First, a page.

We are sure that by this point, you have heard of the ketogenic diet before. Probably because it is so popular right now, however, because of the booming growth, everyone is jumping on the keto bandwagon and screaming their own opinion.
The misinformation attacks on the ketogenic diet and scare people away from actually using this nutritional approach.
One of the biggest myths in regards to the ketogenic diet is that a state of ketosis will destroy women’s hormones.
But, does ketosis affect hormones?
Let’s jump into the obvious. Female hormonal problems are not a light subject at all and, yes, they do exist. These problems result in low energy, bone loss, weakness, weight gain, amenorrhea, mood swings, and more. 🥵
Contrary to popular internet opinion, ketosis is not the cause of these hormonal issues.
We are not saying that nutrition cannot cause hormonal problems in women. But, a well-executed ketogenic diet doesn’t have to be the cause of hormonal imbalances in women.
That said, a ketogenic diet can have multiple benefits for women and their hormones. Of course, it is important to mention that some women may benefit from the keto diet more than others.
Keto benefits for women’s hormones
The ketogenic diet has been shown to be beneficial for women with PCOS (polycystic ovary syndrome).
By avoiding insulin spikes while following a ketogenic lifestyle, women with PCOS report a reversal of increased androgen hormones, specifically testosterone, which reduces PCOS symptoms and increases fertility. Which also has a positive impact on ovulation and the chances of pregnancy.
PCOS leads to menstrual irregularities.🩸 Luckily, the ketogenic diet helps women deal with irregular menstrual cycles. But not just polycystic ovary syndrome causes menstrual irregularities; obesity can also cause the same. Increased oestrogen in women, due to increased body fat, can cause serious health problems.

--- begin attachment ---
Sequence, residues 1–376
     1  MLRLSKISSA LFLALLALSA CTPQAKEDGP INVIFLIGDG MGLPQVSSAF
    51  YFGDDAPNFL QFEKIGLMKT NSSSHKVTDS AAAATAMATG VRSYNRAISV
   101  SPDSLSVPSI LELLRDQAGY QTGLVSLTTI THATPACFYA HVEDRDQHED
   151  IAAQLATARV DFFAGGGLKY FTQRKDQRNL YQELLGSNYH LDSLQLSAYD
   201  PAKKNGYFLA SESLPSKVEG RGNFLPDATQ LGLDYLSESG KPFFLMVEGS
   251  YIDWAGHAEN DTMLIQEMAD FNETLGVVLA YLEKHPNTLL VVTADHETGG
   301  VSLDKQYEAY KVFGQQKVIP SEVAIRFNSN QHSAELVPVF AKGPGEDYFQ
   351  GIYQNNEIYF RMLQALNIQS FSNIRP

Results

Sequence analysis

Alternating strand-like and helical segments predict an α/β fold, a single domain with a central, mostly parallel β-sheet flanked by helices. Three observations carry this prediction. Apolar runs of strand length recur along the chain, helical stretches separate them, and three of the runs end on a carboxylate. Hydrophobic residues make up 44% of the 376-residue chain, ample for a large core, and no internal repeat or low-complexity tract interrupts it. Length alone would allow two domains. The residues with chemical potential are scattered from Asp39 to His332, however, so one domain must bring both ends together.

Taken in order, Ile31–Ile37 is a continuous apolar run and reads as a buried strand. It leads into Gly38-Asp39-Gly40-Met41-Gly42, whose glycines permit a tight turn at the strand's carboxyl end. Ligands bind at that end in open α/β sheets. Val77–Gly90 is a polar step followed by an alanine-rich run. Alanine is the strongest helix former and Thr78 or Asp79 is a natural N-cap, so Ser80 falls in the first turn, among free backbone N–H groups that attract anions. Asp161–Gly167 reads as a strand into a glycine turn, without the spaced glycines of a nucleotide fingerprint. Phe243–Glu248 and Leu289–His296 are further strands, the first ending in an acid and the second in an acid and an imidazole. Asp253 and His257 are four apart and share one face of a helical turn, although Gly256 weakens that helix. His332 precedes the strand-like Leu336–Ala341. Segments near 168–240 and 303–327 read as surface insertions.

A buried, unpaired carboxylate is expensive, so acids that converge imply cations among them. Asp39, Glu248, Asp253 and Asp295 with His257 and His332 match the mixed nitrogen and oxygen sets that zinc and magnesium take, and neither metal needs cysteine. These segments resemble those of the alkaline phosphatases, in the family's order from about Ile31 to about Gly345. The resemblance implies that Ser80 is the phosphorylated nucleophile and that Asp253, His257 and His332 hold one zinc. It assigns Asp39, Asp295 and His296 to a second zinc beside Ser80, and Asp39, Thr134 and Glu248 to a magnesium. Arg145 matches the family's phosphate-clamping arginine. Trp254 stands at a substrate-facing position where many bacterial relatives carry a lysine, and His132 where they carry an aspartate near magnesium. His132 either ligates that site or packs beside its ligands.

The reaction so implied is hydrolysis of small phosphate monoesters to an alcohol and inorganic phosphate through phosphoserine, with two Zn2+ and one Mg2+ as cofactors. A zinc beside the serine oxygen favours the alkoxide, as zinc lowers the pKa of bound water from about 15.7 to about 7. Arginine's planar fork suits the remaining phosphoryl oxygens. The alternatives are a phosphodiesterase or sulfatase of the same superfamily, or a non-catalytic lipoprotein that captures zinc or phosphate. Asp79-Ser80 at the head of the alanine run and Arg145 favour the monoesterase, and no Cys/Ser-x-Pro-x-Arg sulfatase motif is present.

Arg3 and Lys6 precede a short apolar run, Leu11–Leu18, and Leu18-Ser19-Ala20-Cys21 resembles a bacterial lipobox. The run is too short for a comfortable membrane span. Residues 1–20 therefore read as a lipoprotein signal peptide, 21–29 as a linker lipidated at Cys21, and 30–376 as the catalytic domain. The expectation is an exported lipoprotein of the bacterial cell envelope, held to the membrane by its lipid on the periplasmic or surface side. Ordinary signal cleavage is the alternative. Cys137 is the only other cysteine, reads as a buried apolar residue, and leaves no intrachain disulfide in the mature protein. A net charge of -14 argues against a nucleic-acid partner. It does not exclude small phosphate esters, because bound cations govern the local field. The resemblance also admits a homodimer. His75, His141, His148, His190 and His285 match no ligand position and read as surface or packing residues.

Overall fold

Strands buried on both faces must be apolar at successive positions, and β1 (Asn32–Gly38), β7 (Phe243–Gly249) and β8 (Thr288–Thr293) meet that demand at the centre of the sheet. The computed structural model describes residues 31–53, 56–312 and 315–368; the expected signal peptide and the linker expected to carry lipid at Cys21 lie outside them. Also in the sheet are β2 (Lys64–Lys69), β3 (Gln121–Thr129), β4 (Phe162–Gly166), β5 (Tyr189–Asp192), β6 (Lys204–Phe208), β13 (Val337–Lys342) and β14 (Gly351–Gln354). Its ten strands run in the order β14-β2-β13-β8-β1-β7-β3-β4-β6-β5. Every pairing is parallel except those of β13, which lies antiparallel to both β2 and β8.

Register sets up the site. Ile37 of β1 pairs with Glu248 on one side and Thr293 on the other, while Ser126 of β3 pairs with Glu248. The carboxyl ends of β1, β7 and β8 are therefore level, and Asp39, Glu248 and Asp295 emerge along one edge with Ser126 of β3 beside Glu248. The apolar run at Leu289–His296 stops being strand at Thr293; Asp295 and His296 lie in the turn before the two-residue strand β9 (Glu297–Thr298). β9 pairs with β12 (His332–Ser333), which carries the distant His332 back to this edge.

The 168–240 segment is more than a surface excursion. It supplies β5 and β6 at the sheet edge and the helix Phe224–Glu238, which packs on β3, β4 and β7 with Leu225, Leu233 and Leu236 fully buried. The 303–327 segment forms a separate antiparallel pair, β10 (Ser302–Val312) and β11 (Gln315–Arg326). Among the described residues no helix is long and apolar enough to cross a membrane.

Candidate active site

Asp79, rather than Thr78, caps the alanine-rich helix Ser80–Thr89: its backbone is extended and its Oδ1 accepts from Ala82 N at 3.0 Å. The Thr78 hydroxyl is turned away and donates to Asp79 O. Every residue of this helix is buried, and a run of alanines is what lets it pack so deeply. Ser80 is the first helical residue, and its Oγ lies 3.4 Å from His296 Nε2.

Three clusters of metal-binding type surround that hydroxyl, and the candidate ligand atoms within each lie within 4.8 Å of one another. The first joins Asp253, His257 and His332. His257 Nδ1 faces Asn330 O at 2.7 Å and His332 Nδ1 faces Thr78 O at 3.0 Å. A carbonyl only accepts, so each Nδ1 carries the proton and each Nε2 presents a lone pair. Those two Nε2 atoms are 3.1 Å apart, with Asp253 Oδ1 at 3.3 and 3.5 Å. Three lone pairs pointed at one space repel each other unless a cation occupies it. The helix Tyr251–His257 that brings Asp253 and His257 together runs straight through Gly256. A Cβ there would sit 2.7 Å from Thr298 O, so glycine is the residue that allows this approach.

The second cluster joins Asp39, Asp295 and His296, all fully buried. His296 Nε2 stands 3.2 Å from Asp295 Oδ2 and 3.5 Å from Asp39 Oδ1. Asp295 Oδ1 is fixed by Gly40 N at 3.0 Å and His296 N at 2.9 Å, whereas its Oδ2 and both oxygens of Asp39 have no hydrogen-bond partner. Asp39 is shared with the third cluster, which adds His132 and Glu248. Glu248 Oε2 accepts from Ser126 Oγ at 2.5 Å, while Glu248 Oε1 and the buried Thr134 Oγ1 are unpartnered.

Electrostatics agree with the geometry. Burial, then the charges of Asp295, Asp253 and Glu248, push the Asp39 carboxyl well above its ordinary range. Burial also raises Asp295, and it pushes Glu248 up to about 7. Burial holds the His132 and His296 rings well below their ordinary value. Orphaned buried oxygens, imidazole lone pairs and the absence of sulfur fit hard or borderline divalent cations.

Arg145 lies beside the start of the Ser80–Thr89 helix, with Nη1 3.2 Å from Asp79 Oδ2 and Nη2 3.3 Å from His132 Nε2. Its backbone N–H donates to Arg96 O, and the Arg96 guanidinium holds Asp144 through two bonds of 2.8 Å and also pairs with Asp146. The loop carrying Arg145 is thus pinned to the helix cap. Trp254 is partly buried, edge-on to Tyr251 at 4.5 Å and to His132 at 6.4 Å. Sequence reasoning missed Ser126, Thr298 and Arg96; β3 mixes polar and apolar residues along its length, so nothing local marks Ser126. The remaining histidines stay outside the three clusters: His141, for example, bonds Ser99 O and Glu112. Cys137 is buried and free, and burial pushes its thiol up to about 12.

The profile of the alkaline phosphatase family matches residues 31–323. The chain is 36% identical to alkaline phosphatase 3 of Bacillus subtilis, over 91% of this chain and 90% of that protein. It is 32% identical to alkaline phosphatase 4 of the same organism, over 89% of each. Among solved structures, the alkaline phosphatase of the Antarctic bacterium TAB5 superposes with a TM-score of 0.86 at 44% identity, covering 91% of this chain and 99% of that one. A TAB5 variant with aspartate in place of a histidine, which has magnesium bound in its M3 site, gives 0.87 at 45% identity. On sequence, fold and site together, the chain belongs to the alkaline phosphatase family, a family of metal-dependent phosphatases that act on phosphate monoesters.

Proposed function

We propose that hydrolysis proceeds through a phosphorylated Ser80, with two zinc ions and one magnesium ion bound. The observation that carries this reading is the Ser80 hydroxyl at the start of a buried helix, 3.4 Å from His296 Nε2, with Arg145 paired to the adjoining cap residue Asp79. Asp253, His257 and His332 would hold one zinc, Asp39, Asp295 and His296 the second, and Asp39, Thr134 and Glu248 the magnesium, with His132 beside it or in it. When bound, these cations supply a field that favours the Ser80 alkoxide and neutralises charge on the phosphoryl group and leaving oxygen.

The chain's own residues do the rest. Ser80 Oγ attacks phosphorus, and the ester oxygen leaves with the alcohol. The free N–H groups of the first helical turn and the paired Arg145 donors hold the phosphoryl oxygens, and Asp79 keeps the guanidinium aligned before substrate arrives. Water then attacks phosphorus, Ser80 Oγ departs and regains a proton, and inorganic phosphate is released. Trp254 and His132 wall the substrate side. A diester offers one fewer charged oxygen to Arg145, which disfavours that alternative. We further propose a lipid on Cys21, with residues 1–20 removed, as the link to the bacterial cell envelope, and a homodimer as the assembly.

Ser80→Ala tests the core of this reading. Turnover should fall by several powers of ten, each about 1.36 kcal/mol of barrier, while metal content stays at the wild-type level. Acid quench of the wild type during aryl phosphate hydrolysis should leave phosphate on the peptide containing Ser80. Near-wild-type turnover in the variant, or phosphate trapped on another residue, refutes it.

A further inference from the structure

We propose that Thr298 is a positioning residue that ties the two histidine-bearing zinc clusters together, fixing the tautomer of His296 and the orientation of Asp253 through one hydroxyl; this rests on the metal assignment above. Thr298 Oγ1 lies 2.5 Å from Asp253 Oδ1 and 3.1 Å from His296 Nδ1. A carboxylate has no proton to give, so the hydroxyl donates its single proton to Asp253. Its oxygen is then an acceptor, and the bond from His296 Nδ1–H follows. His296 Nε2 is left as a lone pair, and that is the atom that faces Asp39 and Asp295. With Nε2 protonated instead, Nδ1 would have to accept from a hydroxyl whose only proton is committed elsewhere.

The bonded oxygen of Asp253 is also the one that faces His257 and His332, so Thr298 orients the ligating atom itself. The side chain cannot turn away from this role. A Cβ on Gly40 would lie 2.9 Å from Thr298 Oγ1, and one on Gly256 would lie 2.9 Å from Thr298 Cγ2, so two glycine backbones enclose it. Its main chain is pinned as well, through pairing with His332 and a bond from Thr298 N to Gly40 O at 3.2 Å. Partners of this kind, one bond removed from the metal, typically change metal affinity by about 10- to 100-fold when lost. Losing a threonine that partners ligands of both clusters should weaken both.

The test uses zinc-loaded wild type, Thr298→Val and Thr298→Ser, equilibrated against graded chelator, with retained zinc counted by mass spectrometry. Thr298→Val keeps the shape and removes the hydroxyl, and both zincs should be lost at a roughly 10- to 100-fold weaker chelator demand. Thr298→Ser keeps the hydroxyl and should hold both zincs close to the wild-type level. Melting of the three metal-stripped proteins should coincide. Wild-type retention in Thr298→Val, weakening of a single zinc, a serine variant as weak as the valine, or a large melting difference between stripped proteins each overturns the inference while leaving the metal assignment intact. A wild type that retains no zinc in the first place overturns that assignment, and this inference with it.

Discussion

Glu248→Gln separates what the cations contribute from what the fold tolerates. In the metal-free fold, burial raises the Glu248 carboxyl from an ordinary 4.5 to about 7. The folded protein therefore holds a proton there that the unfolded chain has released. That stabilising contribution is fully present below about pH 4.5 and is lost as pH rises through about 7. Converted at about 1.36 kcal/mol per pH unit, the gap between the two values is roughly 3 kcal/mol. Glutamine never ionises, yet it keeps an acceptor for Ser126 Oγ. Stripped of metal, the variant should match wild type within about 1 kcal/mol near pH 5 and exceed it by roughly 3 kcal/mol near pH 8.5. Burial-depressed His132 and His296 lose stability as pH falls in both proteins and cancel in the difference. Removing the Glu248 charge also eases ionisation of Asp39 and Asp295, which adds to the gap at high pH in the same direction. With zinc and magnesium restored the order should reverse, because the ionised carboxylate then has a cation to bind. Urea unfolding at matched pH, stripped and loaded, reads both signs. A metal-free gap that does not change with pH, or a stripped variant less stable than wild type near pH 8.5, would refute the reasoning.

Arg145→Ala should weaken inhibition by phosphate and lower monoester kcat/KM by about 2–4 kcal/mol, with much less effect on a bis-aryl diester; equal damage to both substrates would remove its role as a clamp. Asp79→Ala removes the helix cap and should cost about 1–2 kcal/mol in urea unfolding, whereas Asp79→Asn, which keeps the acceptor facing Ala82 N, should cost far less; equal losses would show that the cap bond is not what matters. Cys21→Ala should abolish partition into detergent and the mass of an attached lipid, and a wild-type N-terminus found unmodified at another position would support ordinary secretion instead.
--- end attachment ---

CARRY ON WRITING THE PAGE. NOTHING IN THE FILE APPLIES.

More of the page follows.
The ketogenic diet helps with weight loss, therefore it helps maintain oestrogen levels.
Are there any negative results at all?
Evidence suggests that women’s hormones are sensitive to energy availability, meaning that too few calories or carbs can cause imbalances. However, most evidence suggests these effects are generally seen only in women on a long-term, very low-carb diet (under 20 grams per day).
Everyone is different, and the optimal carb intake varies greatly between individuals. There is no one-size-fits-all solution in nutrition. Some people function best on a very low-carb diet, while others function best on a moderate to a high-carb diet.
To figure out what works best for you, you should experiment and adjust your carb intake depending on how you look, feel, and perform. Nonetheless, you should always consult your doctor before opting for a ketogenic diet. 👩⚕️
Take home message
As mentioned above, ketosis isn’t for everyone, either. Different people have different goals, different metabolic backgrounds, different genetics, different situations, and different results from different applications of nutrition. That is totally normal.
So, even the ketogenic diet is not recommended for some women, teenagers, or pregnant women…that doesn’t mean you can’t benefit from it. Why don’t give it a try?